Nepali Times
DANIEL LAK
Here And There
Miami’s vices


DANIEL LAK


Humans, I now believe, were meant to live at sea level. We are, after all, distant relatives of water creatures. Our ancestors crawled out of the primordial soup, grew legs and lungs and eventually became us. That is, they started falling in love, making art and committing genocide on a regular basis.

I sit now by the Atlantic Ocean in Miami Beach, Florida, almost at the southwestern extremity of the United States. I'm in a concrete and steel building but I feel as if a one metre wave could slop onto the beach and get my shoes wet. How else to explain my new propensity to stay up late (reading of course), in defiance of Kathmandu's mandatory bed before midnight rule? I don't seem to get so tired here. And, errr, everyone gets to wear shoes wet, even here at my desk and computer on the second floor.

But I have to say, the breathing is easy. Nothing like a sea breeze to blast away the pollution. There's plenty of oxygen and fewer clothes here. Hindu orthodoxy is nowhere to be found. Not that there isn't plenty that's familiar to a Nepal hand here. Miami politics is wild, weird, wacky and wicked, just as it is in the Himalayan Kingdom.

Famously, a somewhat colourful senior official of the law department here was drummed out of office a few years ago for biting a woman dancer on her posterior. In public and very hard. He's now back in politics. Call him our Khum Bahadur Khadka, with a few differences. Here our monarch is King Jeb Bush, of America's great ruling dynasty. They may not have united the country in a heroic series of battles a couple of hundred years ago, but they're working at disuniting it in the same manner.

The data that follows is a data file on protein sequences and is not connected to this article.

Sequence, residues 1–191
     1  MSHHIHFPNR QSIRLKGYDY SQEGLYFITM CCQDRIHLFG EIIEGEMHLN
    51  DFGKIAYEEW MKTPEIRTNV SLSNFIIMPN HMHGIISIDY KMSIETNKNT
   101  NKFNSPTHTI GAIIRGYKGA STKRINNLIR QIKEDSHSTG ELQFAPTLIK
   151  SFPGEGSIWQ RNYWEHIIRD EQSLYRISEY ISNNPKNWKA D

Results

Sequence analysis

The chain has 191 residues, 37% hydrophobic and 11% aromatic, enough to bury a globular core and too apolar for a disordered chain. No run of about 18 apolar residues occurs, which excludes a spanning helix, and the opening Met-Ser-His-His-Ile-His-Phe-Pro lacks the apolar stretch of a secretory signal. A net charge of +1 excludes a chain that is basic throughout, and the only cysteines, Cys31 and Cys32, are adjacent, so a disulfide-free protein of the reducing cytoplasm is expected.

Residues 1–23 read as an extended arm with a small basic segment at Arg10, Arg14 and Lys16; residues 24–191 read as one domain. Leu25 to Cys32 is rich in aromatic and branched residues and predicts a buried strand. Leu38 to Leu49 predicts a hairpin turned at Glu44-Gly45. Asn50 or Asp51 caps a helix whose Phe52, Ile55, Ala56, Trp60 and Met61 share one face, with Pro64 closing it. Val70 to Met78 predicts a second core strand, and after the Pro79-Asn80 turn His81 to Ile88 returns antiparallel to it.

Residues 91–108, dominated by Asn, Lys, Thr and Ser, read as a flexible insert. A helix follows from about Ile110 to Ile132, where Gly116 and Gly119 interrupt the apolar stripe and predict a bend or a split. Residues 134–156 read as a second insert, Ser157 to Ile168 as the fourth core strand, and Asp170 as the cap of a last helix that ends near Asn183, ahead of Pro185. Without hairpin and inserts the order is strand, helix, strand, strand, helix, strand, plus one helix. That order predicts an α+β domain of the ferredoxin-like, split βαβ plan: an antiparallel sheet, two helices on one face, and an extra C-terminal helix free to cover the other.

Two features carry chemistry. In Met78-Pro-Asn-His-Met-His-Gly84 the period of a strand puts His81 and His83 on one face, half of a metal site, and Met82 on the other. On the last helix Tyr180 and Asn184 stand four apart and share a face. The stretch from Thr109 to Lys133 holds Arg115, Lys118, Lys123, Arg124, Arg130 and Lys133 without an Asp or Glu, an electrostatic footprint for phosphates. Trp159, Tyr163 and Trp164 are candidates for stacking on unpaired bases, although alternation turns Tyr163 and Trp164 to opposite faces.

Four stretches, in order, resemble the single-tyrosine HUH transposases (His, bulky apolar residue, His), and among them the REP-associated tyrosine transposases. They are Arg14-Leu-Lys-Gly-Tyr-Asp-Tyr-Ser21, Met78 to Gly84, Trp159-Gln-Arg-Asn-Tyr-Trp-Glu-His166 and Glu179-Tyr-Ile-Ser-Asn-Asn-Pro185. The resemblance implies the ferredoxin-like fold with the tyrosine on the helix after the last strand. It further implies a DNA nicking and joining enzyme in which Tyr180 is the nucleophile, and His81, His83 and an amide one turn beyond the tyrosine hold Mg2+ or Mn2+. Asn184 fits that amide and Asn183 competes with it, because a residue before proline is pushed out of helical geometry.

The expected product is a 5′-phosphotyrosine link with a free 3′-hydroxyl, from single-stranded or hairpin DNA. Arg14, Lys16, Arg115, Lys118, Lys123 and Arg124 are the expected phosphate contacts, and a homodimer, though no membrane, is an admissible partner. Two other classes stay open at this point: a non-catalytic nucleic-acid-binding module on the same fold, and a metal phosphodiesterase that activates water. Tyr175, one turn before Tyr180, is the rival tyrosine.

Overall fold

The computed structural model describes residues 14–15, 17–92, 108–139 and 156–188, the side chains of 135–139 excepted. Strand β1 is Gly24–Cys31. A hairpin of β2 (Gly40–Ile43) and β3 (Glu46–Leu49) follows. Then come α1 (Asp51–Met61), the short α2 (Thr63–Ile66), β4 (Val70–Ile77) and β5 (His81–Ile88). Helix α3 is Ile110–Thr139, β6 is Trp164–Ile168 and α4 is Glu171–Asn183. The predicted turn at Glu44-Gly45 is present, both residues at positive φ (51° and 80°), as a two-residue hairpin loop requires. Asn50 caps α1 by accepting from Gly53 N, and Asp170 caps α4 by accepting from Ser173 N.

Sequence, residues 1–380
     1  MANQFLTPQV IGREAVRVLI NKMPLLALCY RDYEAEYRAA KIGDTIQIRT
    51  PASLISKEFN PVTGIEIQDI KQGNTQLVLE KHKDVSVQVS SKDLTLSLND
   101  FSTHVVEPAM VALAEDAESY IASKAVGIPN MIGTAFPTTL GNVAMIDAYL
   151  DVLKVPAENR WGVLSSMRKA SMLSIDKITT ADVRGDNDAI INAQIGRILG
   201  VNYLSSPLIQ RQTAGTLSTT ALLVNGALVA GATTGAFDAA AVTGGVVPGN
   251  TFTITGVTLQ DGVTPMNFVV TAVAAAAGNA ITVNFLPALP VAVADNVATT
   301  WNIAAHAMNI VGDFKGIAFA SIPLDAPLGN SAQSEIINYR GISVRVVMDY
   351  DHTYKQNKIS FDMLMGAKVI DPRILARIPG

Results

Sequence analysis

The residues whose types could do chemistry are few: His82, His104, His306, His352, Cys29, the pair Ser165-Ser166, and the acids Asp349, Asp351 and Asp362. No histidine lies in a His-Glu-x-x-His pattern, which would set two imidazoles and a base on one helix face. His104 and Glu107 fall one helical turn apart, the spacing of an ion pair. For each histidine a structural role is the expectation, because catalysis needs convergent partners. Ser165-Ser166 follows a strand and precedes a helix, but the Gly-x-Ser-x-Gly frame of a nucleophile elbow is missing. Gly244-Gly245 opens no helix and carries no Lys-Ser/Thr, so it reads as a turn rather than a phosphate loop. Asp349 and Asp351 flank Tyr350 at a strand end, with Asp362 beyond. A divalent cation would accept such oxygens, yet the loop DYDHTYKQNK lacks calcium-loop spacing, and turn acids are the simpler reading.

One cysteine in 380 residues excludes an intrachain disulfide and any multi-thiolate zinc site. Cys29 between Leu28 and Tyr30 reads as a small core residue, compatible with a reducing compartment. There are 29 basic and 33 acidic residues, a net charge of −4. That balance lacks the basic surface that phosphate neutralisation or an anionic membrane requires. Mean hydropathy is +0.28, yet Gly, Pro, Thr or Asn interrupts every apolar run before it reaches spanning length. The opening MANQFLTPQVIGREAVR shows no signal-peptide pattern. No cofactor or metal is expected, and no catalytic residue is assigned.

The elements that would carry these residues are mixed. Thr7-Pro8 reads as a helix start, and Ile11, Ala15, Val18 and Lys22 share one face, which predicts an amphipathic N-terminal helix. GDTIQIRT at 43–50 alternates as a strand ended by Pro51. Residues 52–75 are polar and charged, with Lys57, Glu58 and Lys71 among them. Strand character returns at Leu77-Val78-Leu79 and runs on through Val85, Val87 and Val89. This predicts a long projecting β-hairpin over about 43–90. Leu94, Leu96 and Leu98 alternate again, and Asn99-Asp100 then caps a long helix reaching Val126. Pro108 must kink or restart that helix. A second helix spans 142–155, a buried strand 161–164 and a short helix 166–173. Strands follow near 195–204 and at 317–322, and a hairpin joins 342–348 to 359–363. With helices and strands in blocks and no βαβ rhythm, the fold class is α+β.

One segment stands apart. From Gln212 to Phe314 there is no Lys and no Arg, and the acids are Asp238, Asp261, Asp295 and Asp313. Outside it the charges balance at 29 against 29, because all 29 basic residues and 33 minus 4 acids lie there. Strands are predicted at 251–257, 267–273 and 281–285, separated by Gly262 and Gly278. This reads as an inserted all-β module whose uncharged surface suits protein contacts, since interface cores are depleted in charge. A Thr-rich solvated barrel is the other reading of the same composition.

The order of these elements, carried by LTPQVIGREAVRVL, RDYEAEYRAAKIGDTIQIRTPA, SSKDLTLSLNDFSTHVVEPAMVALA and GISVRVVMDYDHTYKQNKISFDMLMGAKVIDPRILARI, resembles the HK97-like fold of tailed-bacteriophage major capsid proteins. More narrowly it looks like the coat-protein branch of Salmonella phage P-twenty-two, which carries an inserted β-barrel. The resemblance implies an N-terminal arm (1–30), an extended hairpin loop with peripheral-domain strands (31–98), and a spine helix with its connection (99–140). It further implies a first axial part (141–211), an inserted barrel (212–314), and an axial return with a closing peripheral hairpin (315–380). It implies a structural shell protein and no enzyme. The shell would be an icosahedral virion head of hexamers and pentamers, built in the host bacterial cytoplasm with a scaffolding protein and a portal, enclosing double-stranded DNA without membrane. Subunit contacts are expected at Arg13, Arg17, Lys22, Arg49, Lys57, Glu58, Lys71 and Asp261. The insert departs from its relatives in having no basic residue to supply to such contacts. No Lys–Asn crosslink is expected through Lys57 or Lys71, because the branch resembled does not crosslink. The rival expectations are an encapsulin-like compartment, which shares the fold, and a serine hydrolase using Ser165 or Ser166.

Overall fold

Miami is home to a proud local populace with a deep culture that feels itself under lasting siege from incomers. Our Newars are the native Floridians, descendants of the original settlers and even the American Indians who've been here as a people for thousands of years. The outsiders are from everywhere else in the world-cold bits of the US and Canada, the Caribbean, South America, Haiti and especially Cuba. In fact, it's the Cuban politicians that make this place seem as if it were run by the Nepali Congress Party in full grab. They're colourful, lively and rather unashamed of how much they manage to accumulate in their time in office. No wonder these guys want nothing to do with Fidel Castro and his communists.

There's a very relaxed attitude to life here. Like Nepalis, people take 'sun baths'. They relax a lot. They drink alcohol at lunchtime or early afternoon, they love food and fun and tell jokes about most things, especially politics. That is now disappearing in Nepal, I'm sorry to say, shattered at first by the growing Maoist rebellion, then the Narayanhiti massacre and finally by the failures of the Nepali ruling elite to take the situation seriously. When I first came to Kathmandu, I thought I'd arrived in South Asia's version of the Caribbean. Now the country is danger of turning into Haiti.

I suggest that our aid sector sponsor junkets to Florida, instead of Northern Ireland or Sri Lanka, so Nepalis can see the road ahead more clearly.


LATEST ISSUE
638
(11 JAN 2013 - 17 JAN 2013)


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